Szathmári, Sándor

Tagged: Author

(1897-1974) Hungarian engineer and author whose Gulliver utazása Kazohiniában ["Gulliver's Travels in Kazohinia"] (1941; final rev as Kazohinia 1957; trans Inez Kemenes as Kazohinia 1975; trans rev vt as Voyage to Kazohinia 2012) [for details see Checklist] is a complex, scathingly comic Satire on twentieth century versions of Utopia. Composed as a Sequel by Other Hands to Jonathan Swift's Gulliver's Travels (1726; rev 1735) (for further examples see Gulliver), it presents Gulliver's bewilderedly straitlaced and culture-bound account of his experiences on the Island of Kazohina after his ship sinks in a storm. He first encounters the Houyhnhnm-like Hins, who inhabit a seamlessly and emotionlessly egalitarian Utopia with highly advanced Technology, including moving sidewalks and other forms of Transportation and Communication. There is no money; there are no classes; Hins cannot comprehend the nature of lying. Their nature, and the uniformitarian world they inhabit, represent a homage to – but more forcibly a Parody and critique of – enlightenment rationality. Because a trick of Evolution has made it impossible for human minds to generate causeless self-reflections (which is to say noise), Hins have, as a result, no art forms, because everyone perceives the same reality. There can be no conflict, because there can be no discrepancies in the Perception of things.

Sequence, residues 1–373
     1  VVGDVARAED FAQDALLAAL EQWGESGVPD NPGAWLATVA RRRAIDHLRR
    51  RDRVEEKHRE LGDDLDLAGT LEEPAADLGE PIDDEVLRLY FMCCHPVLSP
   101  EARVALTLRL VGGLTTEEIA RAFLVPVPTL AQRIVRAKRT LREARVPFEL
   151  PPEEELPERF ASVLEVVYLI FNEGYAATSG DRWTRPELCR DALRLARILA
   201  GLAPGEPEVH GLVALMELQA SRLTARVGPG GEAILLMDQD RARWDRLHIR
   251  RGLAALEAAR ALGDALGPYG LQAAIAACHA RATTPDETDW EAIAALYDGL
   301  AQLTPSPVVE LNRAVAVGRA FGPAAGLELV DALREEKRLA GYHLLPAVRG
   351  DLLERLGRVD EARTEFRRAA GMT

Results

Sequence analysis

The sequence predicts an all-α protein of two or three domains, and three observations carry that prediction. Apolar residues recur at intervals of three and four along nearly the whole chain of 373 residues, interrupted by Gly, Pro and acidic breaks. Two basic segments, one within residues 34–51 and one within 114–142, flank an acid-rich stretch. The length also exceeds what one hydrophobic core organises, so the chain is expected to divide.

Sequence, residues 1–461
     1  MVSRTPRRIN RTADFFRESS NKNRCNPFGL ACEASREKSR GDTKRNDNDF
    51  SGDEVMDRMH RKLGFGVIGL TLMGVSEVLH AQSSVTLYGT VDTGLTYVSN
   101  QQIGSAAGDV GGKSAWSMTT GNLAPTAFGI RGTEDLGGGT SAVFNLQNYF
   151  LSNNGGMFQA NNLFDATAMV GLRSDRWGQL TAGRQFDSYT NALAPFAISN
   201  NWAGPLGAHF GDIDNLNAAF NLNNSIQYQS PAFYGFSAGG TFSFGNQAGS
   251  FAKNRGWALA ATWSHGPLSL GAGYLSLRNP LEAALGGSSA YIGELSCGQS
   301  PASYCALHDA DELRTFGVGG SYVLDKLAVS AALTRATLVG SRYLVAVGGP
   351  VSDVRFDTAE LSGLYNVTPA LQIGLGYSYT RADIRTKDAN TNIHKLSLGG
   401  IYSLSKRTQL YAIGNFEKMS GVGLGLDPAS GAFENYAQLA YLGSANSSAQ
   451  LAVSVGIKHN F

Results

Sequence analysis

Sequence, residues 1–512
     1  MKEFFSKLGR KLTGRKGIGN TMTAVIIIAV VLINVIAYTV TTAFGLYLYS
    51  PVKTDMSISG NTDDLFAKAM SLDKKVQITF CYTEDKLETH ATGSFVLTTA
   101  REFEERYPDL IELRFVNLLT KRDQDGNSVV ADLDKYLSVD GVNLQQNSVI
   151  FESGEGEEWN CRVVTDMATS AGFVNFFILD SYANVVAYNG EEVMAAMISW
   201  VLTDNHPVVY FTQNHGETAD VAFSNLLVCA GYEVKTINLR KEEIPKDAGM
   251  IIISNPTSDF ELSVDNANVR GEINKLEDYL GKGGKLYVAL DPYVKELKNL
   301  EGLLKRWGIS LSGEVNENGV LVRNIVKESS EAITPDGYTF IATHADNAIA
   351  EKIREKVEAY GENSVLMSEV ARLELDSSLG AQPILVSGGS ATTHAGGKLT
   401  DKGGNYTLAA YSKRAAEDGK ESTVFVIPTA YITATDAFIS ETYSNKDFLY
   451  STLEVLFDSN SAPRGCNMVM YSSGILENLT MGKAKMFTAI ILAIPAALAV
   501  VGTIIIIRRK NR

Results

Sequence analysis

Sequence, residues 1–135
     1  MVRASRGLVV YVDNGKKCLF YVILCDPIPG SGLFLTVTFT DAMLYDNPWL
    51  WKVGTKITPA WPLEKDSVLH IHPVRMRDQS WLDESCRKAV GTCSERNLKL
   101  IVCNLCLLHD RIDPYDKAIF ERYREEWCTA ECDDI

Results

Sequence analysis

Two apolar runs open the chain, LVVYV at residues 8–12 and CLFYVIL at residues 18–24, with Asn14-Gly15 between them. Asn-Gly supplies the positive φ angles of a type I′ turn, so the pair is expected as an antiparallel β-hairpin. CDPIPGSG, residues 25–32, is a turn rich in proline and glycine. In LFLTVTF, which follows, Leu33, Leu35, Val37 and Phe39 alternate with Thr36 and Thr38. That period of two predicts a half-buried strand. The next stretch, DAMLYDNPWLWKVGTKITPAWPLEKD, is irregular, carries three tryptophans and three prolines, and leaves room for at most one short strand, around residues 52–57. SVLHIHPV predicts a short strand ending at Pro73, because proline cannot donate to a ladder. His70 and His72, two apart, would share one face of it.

Gulliver cannot grasp the benefits of enlightenment – Sex for instance, is uncluttered by norman human noise – and can see only the deadened flatness of this world. He therefore asks to be sent to the reservation where the Behins are confined. Their society, a conspicuously dreadful Dystopia, is the mirror reversal of the other, behaviour being governed by verbal tags, insane distinctions, ideas which are held to savagely because they have been believed for centuries. Though the reservation is fully serviced by the dispassionate Hin, a crazed (but recognizable) capitalism creates artificial scarcities out of plenitude. Behins starve to death outside the walls of stuffed granaries. The Behins are clearly a Satire on the flagrantly self-destructive nationalisms and Religions and fetishes of the twentieth century world; but Gulliver cannot comprehend that these Yahoos are portraits of him and his beloved Britain. In the end, he escapes, having learned virtually nothing – the complex interactions between author, narrator, and observed worlds closely refect Swift's own (sometimes misunderstood) technique in Gulliver's Travels. Kazohinia is an important mid-century example of its form, a between-the-wars text with echoes throughout of aftermath despair and premonitions of things to come. Some apparent echoes of Aldous Huxley's Brave New World (1932) seem coincidental, as that book was only translated into Hungarian after Kazohinia had been composed. [JC]

Sándor Szathmári

born Gyula, Hungary, Austro-Hungarian Empire: 19 June 1897

died Budapest, Hungary: 16 July 1974

works

  • Gulliver utazása Kazohiniában ["Gulliver's Travels in Kazohinia"] (Budapest, Hungary: Bolyai Akadémia, 1941) [censored text: binding unknown/]
    • Utazásas Kazohiniában ["Travel in Kazohinia"] (Budapest, Hungary: Magyar Élet kiadśa, 1946) [rev vt of the above: with censored portions restored: binding unknown/]
      • Kazohinia (Budapest, Hungary: Magvető Könyvkiadó, 1957) [rev vt of the above: with undetermined changes: binding unknown/]
        • Kazohinia (Budapest, Hungary: Corvina Press, 1975) [trans by Inez Kemenes with Fred Macnicol of the above: hb/Mária Hódosi]
          • Voyage to Kazohinia (North Adam, Massachusetts: New Europe Books, 2012) [rev vt of the above: revised trans by Inez Kemenes alone: pb/András Baranyai]

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